There is a new museum in the world and it is called the Girl Museum. I spoke with the Head Girl, Ashley E. Remer.
JL: What is the Girl Museum?
AR: "Girl Museum is a virtual space for research, exhibitions, collaboration, and education about being a girl. We explore and document the unique experience of growing up female through historic and contemporary images, stories and material culture."
JL: How can I visit the Girl Museum?
AR: "If you have Internet access you can visit anytime."
JL: Why did you start the Girl Museum?
AR: "I have always worked in the arts and in museums and I have always noticed that girls, specifically, are missing from the big picture in art history. If they are discussed its basically in regards to their sex. I wanted to broaden the dialogue and the Internet was the perfect platform to engage in a relatively inexpensive way."
JL: Who are some of the people involved?
AR: "I have a board of two other women that I’ve known since being an undergrad and they help keep my feet on the ground. We have an advisory board of scholars from all over the world from various disciplines, but their focus is girls or girlhood in some way. There are a few museum Gurus, too. But the biggest human resource I have are my interns, my Junior Girls. At the moment I have 14. The girls are spread all over the world, mostly in UK and US. We have had Junior Girls from India, Greece and New Zealand."
JL: Give us an example of some of your exhibits.
AR: "We have four exhibition series: Girlhoods in Art, Art of Girlhood, Girls in the World, and Girl -Speak. Our most recent example, which has been really successful, has been 'Home and Away : Girls of the British Empire.' We looked at girls both in the UK and all over the world during that time of mass imperialism and colonialization and it was launched in June 2012 at a conference at the University of Melbourne to a huge group of women who focus on Colonial girl studies. So it was really brilliant to have that support and it has really helped us in connecting those dots and trying to understand the colonial state."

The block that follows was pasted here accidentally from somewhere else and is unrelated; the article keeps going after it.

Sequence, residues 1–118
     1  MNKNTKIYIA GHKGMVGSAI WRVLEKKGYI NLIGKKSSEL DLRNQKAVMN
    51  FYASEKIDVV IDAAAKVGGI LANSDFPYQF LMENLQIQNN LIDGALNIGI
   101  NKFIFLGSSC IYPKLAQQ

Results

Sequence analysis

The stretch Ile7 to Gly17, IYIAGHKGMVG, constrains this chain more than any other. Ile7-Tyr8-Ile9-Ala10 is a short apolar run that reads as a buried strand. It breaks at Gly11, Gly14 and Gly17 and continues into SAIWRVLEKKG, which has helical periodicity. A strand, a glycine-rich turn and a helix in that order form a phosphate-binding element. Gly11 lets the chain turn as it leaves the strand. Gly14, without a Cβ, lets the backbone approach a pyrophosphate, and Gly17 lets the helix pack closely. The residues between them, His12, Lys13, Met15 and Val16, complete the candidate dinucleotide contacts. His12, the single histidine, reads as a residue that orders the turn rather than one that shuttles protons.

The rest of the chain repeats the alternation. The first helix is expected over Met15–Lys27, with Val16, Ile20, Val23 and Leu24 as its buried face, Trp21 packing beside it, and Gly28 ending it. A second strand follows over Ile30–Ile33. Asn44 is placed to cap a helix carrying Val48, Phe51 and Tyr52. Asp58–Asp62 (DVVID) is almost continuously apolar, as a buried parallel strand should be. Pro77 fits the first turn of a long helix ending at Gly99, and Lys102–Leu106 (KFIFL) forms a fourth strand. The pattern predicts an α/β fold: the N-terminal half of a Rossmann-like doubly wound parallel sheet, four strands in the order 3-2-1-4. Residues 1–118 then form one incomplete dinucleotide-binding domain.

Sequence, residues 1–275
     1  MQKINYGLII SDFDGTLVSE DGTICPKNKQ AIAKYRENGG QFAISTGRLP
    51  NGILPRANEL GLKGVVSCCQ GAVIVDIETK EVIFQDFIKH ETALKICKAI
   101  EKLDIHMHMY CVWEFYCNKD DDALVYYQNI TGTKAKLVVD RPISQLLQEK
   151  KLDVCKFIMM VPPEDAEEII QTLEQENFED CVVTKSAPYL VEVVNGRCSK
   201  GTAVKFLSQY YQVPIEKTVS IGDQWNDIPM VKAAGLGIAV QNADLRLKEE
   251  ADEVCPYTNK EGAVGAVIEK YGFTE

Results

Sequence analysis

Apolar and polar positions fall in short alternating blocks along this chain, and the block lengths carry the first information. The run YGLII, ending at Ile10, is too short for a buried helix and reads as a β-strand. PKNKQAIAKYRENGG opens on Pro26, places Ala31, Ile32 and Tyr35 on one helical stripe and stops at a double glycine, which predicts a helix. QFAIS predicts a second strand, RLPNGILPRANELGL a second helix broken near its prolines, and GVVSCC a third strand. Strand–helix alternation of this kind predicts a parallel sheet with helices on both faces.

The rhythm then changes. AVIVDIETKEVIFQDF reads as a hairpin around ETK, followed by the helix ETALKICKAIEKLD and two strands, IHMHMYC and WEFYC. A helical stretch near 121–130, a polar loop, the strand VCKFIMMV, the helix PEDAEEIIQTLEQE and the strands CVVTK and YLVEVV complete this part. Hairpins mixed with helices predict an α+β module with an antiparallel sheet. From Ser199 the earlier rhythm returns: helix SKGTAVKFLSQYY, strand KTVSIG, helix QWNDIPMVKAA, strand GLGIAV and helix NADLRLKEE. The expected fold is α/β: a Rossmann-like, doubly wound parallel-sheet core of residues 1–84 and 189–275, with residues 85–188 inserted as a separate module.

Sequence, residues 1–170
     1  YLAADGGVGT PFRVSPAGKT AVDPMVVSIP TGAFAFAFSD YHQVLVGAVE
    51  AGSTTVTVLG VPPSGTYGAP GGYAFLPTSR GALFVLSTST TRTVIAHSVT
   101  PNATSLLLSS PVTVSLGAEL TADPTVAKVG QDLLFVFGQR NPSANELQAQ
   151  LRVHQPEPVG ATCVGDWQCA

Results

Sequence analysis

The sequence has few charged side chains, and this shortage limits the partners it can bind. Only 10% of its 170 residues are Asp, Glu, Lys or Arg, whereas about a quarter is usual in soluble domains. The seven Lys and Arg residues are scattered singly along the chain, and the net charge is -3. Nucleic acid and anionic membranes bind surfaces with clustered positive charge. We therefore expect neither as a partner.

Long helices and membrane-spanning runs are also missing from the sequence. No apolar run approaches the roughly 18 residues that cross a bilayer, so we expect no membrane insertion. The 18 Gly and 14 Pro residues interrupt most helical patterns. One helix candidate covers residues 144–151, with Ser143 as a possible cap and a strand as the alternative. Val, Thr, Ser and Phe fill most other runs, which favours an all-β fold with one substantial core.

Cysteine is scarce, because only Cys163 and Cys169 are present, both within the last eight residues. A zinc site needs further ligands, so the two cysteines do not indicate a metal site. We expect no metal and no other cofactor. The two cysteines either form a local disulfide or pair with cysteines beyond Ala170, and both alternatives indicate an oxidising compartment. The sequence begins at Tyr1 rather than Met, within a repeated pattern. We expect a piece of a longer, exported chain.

“Girl for Sale” has been another really big success. It’s a co-production with the American Poetry Museum. They have a similar model to us of being primarily out reach rather than a physical space. That exhibition focused on art and poetry to both examine human trafficking/girl trafficking as well as poetry used as part of girls' recovery process. We had an event in Washington, DC in 2011 where we talked the audience through the exhibition. That’s how we combined the online experience with physical events and we are hoping to do more."
JL: There is an exhibit at the museum called "Defining Terms." Can you explain this?